Hmm. I've been sort of daydreaming of a solution like that myself, wondering if I should sacrifice one of the napkins and use the lace trim to fill the hole. The hole, however, isn't in the center of the cloth, or anywhere near the center. The photo I took is only of one corner of the tablecloth; the whole cloth is almost 60 inches square, so the hole sits right at the edge of my table, when I put the cloth on catty-cornered. I think I could probably do a better job of a cloth patch than trying to use lace and make it look neat.A couple of extra photos show the larger cloth, and the pattern where the hole is. Don't you think the lace would look peculiar in that spot?

      1. starzoe | | #14

        Yes, I can see now where it is - my solution won't work there, for sure. So what about an applique from one of the napkins, not lace but a simple flower shape hand appliqued, maybe with some initials embroidered in the centre, all in white. You could use your grandmother's initials and so have a reminder to the next recipient of the tablecloth.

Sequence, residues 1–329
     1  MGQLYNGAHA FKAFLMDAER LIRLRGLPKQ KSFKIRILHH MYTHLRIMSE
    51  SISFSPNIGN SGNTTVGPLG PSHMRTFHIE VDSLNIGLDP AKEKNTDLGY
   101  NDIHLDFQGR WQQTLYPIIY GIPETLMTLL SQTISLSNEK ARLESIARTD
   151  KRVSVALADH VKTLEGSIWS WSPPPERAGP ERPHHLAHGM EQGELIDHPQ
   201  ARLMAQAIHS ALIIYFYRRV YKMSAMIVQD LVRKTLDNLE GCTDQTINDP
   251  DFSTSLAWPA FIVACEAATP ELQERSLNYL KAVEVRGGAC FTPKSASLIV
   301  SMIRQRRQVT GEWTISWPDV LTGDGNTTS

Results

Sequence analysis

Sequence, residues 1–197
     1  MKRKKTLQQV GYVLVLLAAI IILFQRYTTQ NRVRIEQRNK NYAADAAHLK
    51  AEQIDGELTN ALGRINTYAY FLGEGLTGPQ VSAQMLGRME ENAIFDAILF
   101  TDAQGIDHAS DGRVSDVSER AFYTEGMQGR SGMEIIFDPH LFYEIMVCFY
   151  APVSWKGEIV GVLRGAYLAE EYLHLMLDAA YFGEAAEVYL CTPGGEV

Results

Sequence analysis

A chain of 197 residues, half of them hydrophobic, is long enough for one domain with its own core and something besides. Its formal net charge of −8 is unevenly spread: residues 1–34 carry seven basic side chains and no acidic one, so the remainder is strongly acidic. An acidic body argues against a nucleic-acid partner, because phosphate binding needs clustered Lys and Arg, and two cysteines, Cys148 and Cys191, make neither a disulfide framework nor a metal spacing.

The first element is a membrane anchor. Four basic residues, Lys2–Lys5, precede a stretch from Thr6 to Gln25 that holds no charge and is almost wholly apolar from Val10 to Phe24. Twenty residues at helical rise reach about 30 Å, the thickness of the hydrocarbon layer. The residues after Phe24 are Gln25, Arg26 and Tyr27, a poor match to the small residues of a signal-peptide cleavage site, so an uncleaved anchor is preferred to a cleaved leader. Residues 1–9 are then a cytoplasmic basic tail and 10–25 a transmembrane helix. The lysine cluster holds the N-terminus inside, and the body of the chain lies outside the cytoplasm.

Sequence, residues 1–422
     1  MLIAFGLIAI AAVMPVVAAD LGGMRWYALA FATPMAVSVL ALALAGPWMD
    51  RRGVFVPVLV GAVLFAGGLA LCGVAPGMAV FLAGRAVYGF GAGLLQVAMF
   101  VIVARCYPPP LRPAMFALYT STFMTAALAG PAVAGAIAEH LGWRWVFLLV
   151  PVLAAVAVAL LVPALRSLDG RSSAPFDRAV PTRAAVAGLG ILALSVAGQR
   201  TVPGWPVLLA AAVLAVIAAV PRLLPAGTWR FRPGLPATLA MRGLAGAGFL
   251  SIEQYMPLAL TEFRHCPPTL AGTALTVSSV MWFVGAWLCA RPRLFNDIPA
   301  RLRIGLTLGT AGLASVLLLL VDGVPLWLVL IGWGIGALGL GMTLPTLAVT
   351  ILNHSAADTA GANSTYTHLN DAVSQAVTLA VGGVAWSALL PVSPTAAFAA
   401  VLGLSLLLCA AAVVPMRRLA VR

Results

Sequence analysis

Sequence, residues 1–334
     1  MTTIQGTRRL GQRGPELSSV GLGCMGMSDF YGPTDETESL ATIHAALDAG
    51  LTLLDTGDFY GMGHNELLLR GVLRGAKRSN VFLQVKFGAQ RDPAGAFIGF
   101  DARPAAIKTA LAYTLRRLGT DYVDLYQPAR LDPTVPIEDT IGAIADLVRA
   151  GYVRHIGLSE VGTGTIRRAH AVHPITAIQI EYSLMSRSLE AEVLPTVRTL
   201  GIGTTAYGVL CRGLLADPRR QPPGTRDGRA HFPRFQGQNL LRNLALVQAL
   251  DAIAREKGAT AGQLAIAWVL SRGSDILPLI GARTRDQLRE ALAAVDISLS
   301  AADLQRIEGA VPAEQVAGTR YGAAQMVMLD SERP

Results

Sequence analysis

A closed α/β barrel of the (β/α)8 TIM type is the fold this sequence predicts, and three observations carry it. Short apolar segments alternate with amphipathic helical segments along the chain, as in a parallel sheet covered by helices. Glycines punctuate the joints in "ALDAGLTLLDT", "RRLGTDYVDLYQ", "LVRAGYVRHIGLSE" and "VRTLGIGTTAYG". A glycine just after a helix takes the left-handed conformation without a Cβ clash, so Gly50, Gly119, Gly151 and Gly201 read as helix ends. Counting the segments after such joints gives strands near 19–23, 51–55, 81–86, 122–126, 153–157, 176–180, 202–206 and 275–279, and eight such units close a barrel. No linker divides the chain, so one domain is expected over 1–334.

1. Josefly | | #19

          I like that idea! Since the patch will show anyway, why not put her initials on it as a memento? Thank you.

      2. jjgg | | #15

        Seeing the larger picture of the location of the hole, If you can bring your self to sacrifice a napkin, and strategically place some lace over the hole, and match it at the other end of the table cloth, it might look better.Please post a picture of your final repair, I'd love to see how it comes out.

        1. Josefly | | #20